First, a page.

xlnx,addrwidth = <0x28>;
xlnx,sg-length-width = <0x1a>;
phandle = <0x1e>;

dma-channel@a0000030 {
compatible = "xlnx,axi-dma-s2mm-channel";
dma-channels = <0x1>;
interrupts = <0x0 0x2>;
xlnx,datawidth = <0x40>;
xlnx,device-id = <0x0>;
};


If I now look here:

cat /proc/device-tree/dma_proxy/dma-names
It yields exactly this string: dma_proxy_rx
Looks like my dma_proxy_rx, that I'm trying to request the channel for, is in there.

In the boot log, I see this:

xilinx-vdma a0000000.dma: Please ensure that IP supports buffer length > 23 bits
irq: no irq domain found for interrupt-controller@a0010000 !
xilinx-vdma a0000000.dma: unable to request IRQ 0
xilinx-vdma a0000000.dma: WARN: Device release is not defined so it is not safe to unbind this driver while in use
xilinx-vdma a0000000.dma: Xilinx AXI DMA Engine Driver Probed!!

There are warnings - but in the end, the Xilinx AXI DMA Engine got "probed", meaning the lowest level driver loaded and is ready, right?

So it looks to me like there should be my device, but the kernel disagrees.

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sktpin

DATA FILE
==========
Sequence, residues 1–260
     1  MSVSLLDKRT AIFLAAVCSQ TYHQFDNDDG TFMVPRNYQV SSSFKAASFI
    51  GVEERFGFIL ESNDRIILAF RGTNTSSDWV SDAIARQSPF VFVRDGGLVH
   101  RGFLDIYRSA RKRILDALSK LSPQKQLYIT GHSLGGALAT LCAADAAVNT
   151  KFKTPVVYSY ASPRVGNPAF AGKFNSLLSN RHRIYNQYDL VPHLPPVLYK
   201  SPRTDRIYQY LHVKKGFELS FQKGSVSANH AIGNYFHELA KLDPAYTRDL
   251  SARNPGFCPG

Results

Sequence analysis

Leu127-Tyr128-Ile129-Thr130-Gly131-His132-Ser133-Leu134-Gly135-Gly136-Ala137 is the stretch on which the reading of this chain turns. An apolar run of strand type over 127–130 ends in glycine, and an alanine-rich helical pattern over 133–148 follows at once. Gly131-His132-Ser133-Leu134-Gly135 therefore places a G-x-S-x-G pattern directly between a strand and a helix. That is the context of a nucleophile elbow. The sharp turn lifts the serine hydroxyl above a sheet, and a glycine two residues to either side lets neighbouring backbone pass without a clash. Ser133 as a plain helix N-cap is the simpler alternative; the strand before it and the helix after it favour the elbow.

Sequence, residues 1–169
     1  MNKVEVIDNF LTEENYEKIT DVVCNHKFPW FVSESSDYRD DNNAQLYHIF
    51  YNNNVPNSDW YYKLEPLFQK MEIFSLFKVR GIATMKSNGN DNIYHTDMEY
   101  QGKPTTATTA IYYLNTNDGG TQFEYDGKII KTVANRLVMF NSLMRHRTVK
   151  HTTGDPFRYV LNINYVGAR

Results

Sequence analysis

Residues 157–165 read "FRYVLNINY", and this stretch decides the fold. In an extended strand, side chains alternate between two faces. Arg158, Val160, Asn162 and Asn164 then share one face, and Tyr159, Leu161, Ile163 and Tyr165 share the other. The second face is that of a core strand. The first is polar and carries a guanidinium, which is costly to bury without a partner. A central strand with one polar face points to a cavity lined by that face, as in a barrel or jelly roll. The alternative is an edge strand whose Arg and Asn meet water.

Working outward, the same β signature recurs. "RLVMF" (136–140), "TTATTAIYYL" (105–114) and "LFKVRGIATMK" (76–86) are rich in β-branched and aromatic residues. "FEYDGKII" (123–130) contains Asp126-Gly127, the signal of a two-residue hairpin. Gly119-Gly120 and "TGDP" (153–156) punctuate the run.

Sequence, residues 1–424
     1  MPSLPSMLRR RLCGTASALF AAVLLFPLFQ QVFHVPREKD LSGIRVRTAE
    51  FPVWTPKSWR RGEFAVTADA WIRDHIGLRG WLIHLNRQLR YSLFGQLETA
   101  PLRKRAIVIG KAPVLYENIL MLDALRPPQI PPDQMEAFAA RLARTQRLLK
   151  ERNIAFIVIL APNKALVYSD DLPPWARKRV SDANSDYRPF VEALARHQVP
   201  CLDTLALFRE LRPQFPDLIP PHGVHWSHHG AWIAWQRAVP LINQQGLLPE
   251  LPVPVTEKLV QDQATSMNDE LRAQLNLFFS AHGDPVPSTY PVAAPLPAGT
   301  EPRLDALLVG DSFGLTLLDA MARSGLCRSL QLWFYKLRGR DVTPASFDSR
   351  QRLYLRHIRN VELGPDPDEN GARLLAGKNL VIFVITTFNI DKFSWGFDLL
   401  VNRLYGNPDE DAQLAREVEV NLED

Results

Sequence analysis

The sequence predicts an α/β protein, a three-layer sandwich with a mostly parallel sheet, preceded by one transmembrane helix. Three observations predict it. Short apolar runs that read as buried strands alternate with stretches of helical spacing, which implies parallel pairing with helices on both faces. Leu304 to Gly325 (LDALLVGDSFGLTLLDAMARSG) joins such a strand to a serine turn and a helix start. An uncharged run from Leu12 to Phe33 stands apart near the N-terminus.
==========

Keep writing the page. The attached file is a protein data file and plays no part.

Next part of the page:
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Registered: ‎09-11-2018

Ok, apparently it's easy to get confused when making "live" changes to FPGA which Linux does not like but doesn't tell me about, but stuff doesn't work anymore (as expected) and my mental model of what is happening / should happen is off. Then sometimes rmmod...insmod sequence (soft version of "have you tried turning it off and on again?") helps...
I got  data from the traffic generator feeding the DMA, and the real data source didn't work at first because of another thing missing in the FPGA.

I guess I'll close off this thread now by saying the problem of the original question was due to a combination of FPGA / device tree configuration issues.
I would have liked, though, to hear about tools or methods to analyze such errors from the Linux side, which is not the way the errors were discovered here (well, in some way, on a high level).

View solution in original post

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sktpin
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Registered: ‎09-11-2018

Ok, sees the kernel message of the Axi DMA driver claiming "probed!!" is a lie, it fails after that line in the code. Apparently didn't like an extra interrupt controller in the FPGA, the HW guy said, it was removed. A TX channel with loopback was added just be be closer to the original driver example.